In Anthony Burgess’ short story The Endless Voyager, a businessman throws away his passport and wallet mid-transit and, unable to enter any country, spends the rest of his life shuttling from airport to airport. He eventually goes mad. Today, of course, such a traveller might stave off purgatorial insanity by dabbling on his iPhone or netbook.
In this post, The Dabbler's own Brit selects six cultural links that might sustain him in an interminable succession of departure lounges.
1. The Beatles, Sie Leibt Dich
"If it wasn’t for Churchill/the Americans/D-Day/the Spirit of the Blitz/your Grandad, we’d all be speaking German by now." Hearing John and Paul sing the British pop song par excellence in Deutsch is like a glimpse at an alternative universe. Of course that universe could not have existed. Sie Leibt Dich makes the familiar strange.
2. Picasso, Still Life with Bust, Bowl and Palette
While at school I cut some tokens out of the newspaper and sent off for a free Picasso print, primarily because I thought that having it on my bedroom wall would make me look offbeat and cool. I didn’t really appreciate it as a piece of art; if anything it was a bit of a joke. When I went to university I put it in a wooden frame from a charity shop and displayed it on my wall for much the same reasons as before but gradually I came to appreciate that there was something inexpressibly pleasing about the way the shapes were put together. Then as I became more aware of Picasso I realised that, in fact, Bust Bowl and Palette one of the least interesting and pleasing of his works, but nonetheless it was the only one I had and I felt an obscure loyalty to it. When I became a bit more solvent I invested in a proper frame and transferred the print to that.
While other artworks have come and gone, Bust Bowl and Palette has adorned the walls of all of my abodes. Now, I realise when looking at the picture, any aesthetic appreciation I might once have felt for it has retreated to irrelevance; its appeal is almost entirely based on comfort and familiarity. Never, ever, until the day I die, shall I willingly get rid of Picasso’s Still Life with Bust, Bowl and Palette. And where is the picture now, you ask? It’s in the attic, waiting until we have a bigger house, because my wife doesn’t like it.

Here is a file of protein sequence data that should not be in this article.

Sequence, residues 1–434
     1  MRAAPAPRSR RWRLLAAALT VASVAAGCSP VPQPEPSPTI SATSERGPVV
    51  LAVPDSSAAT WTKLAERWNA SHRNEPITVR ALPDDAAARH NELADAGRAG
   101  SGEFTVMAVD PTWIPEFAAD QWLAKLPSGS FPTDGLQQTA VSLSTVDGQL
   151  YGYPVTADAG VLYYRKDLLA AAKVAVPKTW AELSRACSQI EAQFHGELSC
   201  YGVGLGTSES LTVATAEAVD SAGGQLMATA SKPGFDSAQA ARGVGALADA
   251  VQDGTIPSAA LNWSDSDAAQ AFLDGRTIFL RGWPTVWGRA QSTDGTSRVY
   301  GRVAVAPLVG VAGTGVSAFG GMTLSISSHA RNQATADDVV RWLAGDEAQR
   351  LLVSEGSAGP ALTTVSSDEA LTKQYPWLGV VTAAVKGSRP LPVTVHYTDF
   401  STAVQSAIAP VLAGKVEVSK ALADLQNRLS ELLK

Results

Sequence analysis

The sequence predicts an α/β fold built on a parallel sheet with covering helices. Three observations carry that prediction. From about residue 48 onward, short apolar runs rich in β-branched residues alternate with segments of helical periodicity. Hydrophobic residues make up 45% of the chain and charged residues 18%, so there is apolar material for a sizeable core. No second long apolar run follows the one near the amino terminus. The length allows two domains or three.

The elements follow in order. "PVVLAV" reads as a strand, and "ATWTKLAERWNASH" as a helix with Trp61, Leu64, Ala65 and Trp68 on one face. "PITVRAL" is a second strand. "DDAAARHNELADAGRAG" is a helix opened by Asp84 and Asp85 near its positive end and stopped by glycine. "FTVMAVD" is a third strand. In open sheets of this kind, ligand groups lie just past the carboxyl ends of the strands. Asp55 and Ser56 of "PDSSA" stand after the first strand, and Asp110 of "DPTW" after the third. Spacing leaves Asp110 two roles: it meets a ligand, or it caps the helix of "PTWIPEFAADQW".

3. Ambrose Bierce, The Devil’s Dictionary
All the follies of human existence are laid bare in this book's wicked definitions, now available online. Worth it just for: Predicament (n): The wage of consistency. Anyone who has ever entered into a lengthy blog argument will know the truth of that one.
4. Atherton v Donald, Trent Bridge 1998
Cricket was never about vicars and teas and the village green for me. I grew up watching the West Indies: cricket was about surviving violent assault. I was a keen, reasonably talented opening batsman at schoolboy level, but the first time my body took a battering from a proper fast bowler I became painfully aware, in all senses, that I didn’t have what it takes.
In the second Test between England and South Africa at Trent Bridge in 1998, Allan Donald was, more or less, trying to kill Mike Atherton by bowling 90mph at throat-height from round the wicket. Atherton, a Charlie Brown-like geek – gangly, toothy, vaguely bookish – stood there and took the worst Donald could chuck at him and survived it. Really, Mike Atherton had none of the attributes of a great sportsman except the rarest and most important one.
5. Sagrada Familia image gallery
Some excellent judges of taste have informed me that Gaudi’s still-unfinished cathedral Sagrada Familia is quite uniquely ugly. “For people who like cacti”, as one blogger memorably put it. Perhaps so, but Barcelona was the first holiday I took with my wife and we were broke and 21 years old so everything about that city is wonderful. But even if Sagrada Familia is ugly and possibly even a bit naff in the student-poster way that Salvador Dali is naff, the mere fact of its existence is remarkable enough. A vast wasps nest still under construction, in Europe, in 2010, for the glory of God. God was supposed to be dead by now.
6. Handel, I Know That My Redeemer Liveth
Sacred music is about humans, God is the justification. In the Godless eternal airport lounge, in Richard Dawkins’ post-religious world, where middle distance-gazing professionals gather in conference centres to discuss painless suicide techniques, where the Sagrada Familia construction work has been cancelled and where reclining in First Class on the Eurostar we eat Asian Fusion food from recyclable boxes and tap secret, bleak poems into our iPads, I Know That My Redeemer Liveth will still make perfect sense. More sense, if anything – the poignancy will verge on unbearable.